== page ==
Close Calls: Part 3 of 3

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Feeling a tad handy after skimming the repair manual that day, I dipped down to take a look at the underside for signs of leakage. My eyes widened when I saw a puddle about two feet wide and a steady drip coming from the undercarriage.

Hmm, that doesn’t seem right, I thought. I checked the other side and found another puddle, then sat in the van and thought for awhile.

I left the van at the pump and walked to the side of the gas station where I relieved myself into the brickwall and darkness. I tried to imagine how much gas might make up those puddles by watching how much of a puddle I was making.

Maybe it wasn’t so much gas after all, I said to myself. Maybe I’d just overfilled it and the excess fuel came out an air valve or something?

I got back in, started her gingerly and drove until I found a good place to park for the night. It was one AM when I pulled the radiator fuse out again and went to bed.

The next morning I met my German friend Desiree at the train station and we went to the garage together. The mechanics spoke Dutch and a little English and could understand some German. Desiree can speak English and understand some Dutch. I showed the guys a picture of my van hanging on the cliff then played with my cards while they talked. After an hour they had my switch fixed for $60.

“Hey, why don’t you ask them to take a look at the gas tank before we leave?” I asked Desiree. “There were some pretty big puddles after I filled up last night.”

She talked with them some more, the van went up on a rack and we went back to the waiting room. We didn’t wait long.

“Your gas tank is leaking. Very dangerous,” said the mechanic.

“Hmm…so I can’t drive it?” I asked to make sure.

“No, no, no!” he said shaking his head and glancing back to the other mechanic to see his head shaking as well.

It was going to take at least a day or two to locate a new tank, so I packed up my stuff and we started back for Amsterdam.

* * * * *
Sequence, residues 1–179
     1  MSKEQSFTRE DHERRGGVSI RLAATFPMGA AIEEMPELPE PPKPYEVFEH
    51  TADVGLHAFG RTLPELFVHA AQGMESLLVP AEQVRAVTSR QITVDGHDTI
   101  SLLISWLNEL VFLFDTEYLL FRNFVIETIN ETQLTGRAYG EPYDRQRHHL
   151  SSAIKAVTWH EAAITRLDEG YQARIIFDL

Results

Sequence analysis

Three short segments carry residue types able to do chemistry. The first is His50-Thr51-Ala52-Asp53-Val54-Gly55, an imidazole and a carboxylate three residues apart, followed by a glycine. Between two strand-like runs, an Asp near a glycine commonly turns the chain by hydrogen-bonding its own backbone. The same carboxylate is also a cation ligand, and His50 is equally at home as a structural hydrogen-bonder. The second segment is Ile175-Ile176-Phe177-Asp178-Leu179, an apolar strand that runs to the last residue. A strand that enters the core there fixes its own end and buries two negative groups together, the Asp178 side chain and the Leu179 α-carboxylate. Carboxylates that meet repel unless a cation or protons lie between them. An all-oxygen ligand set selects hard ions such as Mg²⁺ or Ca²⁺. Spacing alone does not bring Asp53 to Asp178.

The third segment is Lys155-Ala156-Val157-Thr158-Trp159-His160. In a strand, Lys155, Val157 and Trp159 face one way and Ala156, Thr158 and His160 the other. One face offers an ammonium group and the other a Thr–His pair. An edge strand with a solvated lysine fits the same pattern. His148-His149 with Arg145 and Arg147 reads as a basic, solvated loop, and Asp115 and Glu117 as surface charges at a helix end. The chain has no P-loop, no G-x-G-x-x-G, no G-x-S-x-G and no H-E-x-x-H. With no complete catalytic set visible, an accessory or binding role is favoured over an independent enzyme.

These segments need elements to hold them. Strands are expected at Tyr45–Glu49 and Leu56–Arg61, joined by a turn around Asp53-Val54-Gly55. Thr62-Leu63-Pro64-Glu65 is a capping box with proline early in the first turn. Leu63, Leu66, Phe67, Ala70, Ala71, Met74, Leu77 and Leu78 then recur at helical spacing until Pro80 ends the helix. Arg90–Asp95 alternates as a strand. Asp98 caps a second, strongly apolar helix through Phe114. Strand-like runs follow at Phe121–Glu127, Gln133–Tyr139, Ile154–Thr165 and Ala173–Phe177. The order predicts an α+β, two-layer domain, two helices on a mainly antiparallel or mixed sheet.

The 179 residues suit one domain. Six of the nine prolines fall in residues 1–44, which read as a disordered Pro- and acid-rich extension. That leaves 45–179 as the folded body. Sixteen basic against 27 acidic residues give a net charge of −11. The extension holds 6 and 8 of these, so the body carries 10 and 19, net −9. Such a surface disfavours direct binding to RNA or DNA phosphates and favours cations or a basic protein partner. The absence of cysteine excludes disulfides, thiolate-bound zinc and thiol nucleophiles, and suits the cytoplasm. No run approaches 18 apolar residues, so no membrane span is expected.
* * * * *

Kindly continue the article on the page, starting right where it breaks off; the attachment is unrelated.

That night I stayed at Desiree’s friend Jonathan’s flat in Amsterdam. Johnathan is a tall, blond German, who’s found an admirable balance between being relaxed and productive. He’s a DJ, psychology student and stand up comedy enthusiast and about as chill you’d ever want someone to be. Maybe it’s the weed. He also speaks Dutch, so he called the garage to check on the van for me.

Two days later no tank was to be found and now the mechanics were saying that since the hole was on the top of the tank, it should be ok to drive if I kept it below ten gallons.

We bid thanks to Johnathan and headed back for the garage. Seeing as Volkswagens are made in Germany and Desiree would be able to communicate for me there, we picked the van up and drove for the border.

During the three hour drive, I feathered the breaks when stopping and imagined the sloshing fuel reaching for daylight. I watched for cigarette butts being flung out of car windows and thought about the mechanics use of the word “should” concerning the safety of my leaking gas tank. When the van was up on the rack, I had noticed the metal that held the tank up to be bent from the cliffhanging. When bouncing over bumps in the road, I gripped harder on the shifter and wheel picturing the tank dropping, sparking and exploding. I wondered what the heat would feel like coming through the floor. I thought about the tunnel in Boston and knife near my neck and I was happy to be traveling.

We made it to Bochum, Germany uncharred. Now the van’s in Desiree’s Aunt’s friend’s garage getting the leak repaired, some new brake pads put on and a missing stabilizer bar replaced. While the van was up on the rack, the mechanics here were nice enough to notice these other safety items that were somehow overlooked during my safety inspection done by Donna’s mechanic friend. They even pointed them out to me. The missing stabilizer bar is a piece of steel about a foot long that keeps the van from flipping over and the “plenty of life” brake pads looked to have about 10 minutes of stopping left in them.

In the meantime I’ll be here making some websites to help pay for all this. I’ll also do some shopping for a fire extinguisher, jumper cables, a new duffle bag and a bigger first aid kit. You know…just in case.

3 Thoughts on “Close Calls: Part 3 of 3”

  1. kevin Says:

    Glad to see you made it there safely. If the sites you build are art/photography based or the likes…send the links. Hope all is well.

  2. suzy Says:



  3. Cheryl Says:

    Happy to hear you’re safe! Do close calls come in 3’s also? If so, you should be all set for a while.

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